Dr. Martin Luther King, Jr.'s "I Have a Dream" speech

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A_Call_to_Conscience.jpgOn August 28, 1963, Dr. Martin Luther King, Jr., led the March on Washington for Jobs and Freedom in Washington, D.C. and delivered his "I Have a Dream" speech to a crowd of 200,000 from the steps of the Lincoln Memorial. In the speech, King drew a contrast between the hope engendered by emancipation a century before and the harsh conditions in which African Americans still struggled:

Five score years ago a great American in whose symbolic shadow we stand today signed the Emancipation Proclamation. This momentous decree is a great beacon light of hope to millions of Negro slaves who had been seared in the flames of withering injustice. It came as a joyous daybreak to end the long night of their captivity. But 100 years later the Negro still is not free. One hundred years later the life of the Negro is still badly crippled by the manacles of segregation and the chains of discrimination. One hundred years later the Negro lives on a lonely island of poverty in the midst of a vast ocean of materia1 prosperity. One hundred years later the Negro is still languished in the corners of American society and finds himself in exile in his own land. So we've come here today to dramatize a shameful condition...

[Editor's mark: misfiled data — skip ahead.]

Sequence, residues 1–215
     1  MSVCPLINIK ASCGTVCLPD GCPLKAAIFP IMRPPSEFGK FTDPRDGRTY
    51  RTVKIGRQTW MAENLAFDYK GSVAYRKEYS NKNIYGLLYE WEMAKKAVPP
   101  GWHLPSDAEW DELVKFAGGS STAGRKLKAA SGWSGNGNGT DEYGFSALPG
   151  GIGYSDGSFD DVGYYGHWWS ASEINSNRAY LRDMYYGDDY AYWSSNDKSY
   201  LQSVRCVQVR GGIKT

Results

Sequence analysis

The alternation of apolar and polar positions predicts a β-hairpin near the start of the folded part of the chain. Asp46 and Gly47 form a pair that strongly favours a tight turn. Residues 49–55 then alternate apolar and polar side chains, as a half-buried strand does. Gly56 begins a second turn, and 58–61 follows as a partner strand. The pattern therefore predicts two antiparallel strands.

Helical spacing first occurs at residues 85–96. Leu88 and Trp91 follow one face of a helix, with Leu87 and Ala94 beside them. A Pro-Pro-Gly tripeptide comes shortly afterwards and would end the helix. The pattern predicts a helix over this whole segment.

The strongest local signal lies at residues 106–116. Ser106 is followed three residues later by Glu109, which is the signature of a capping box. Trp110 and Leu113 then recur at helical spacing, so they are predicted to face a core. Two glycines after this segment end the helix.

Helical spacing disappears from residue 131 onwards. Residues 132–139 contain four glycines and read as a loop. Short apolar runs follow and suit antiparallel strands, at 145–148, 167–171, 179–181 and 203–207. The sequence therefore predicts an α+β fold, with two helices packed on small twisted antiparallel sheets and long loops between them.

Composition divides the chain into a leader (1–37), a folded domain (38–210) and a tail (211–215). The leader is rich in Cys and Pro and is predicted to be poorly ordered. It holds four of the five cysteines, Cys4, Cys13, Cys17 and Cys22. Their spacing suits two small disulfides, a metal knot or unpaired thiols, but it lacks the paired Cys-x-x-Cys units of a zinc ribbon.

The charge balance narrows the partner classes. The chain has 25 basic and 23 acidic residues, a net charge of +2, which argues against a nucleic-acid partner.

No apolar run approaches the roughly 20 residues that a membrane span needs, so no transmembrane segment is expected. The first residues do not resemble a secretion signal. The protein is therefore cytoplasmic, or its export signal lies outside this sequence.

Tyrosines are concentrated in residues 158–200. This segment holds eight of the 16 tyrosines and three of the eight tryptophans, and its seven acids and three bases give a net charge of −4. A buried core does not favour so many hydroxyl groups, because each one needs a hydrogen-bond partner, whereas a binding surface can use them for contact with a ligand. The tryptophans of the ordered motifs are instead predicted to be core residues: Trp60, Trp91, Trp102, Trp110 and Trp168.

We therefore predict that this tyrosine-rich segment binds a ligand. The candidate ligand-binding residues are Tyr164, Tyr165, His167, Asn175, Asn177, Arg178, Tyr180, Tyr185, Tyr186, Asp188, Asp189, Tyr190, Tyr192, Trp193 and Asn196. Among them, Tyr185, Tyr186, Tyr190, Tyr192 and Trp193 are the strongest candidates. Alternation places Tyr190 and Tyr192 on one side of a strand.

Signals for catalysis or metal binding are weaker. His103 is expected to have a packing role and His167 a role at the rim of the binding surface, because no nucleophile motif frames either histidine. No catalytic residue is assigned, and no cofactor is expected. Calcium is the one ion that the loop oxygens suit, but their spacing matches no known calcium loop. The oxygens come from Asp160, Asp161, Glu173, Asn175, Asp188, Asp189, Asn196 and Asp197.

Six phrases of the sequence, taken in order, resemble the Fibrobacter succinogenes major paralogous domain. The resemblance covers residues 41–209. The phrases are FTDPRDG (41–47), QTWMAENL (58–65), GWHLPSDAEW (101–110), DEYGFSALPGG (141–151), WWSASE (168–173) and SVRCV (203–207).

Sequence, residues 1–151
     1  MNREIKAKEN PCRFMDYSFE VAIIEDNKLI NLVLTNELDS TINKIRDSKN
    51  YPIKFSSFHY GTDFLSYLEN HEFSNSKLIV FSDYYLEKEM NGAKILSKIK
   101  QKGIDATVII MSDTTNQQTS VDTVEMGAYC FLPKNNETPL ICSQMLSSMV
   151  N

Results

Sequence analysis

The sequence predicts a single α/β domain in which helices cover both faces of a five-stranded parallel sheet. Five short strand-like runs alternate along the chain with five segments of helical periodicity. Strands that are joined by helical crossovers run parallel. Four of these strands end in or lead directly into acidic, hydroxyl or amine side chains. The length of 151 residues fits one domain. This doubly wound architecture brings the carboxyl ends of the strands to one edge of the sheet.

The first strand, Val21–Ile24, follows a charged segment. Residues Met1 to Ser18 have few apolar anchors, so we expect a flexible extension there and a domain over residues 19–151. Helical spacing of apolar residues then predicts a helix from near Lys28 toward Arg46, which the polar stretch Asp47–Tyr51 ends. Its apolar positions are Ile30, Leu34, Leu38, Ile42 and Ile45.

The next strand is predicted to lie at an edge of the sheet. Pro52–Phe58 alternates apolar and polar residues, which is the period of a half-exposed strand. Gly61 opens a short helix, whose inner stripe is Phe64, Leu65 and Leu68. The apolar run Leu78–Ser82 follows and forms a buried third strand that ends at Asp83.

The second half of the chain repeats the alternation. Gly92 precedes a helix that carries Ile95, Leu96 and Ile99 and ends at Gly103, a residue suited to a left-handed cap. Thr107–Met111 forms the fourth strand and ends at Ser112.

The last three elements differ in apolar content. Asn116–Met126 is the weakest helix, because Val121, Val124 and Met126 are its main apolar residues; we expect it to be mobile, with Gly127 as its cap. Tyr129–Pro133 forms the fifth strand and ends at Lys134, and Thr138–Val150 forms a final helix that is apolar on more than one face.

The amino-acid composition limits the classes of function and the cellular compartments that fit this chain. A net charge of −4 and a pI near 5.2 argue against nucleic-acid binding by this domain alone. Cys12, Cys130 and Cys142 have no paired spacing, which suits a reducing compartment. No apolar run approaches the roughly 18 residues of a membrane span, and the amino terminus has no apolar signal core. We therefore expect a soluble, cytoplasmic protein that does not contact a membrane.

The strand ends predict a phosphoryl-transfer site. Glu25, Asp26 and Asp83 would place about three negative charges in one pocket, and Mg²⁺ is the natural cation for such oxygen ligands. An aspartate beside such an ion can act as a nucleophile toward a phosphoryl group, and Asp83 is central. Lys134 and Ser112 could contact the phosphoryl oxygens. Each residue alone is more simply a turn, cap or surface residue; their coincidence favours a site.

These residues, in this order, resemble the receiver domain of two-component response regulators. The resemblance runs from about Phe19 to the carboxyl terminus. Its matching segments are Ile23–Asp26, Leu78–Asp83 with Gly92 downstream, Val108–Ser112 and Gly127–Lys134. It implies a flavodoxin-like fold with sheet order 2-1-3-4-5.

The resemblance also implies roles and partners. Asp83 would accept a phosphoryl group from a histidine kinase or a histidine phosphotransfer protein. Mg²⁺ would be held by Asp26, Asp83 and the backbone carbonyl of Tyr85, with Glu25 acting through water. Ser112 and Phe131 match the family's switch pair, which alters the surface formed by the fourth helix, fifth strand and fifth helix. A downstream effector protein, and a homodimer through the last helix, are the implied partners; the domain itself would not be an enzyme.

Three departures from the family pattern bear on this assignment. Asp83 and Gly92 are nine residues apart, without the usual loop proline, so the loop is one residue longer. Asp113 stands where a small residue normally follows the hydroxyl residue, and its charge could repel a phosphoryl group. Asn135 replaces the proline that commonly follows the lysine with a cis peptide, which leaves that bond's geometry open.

There will be neither rest nor tranquility In America until the Negro is granted his citizenship rights. The whirlwinds of revolt will continue to shake the foundation of our nation until the bright days of justice emerge...

I say to you today, my friends, though, even though we face the difficulties of today and tomorrow, I still have a dream. It is a dream deeply rooted in the American dream. I have a dream that one day this nation will rise up, live out the true meaning of its creed: "We hold these truths to be self-evident, that all men are created equal."

Listen to the entire "I Have a Dream" speech at Stanford University's King Research and Education Institute and read the text of the speech online from the National Archives.

Away from the computer, read his stirring words in A Call to Conscience: the Landmark Speeches of Dr. Martin Luther King, Jr. or find dozens of other writings by Dr. King at your Milwaukee Public Library.

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This page contains a single entry by Heather published on February 26, 2013 8:30 AM.

The March on Washington for Jobs and Freedom was the previous entry in this blog.

Birmingham Campaign is the next entry in this blog.

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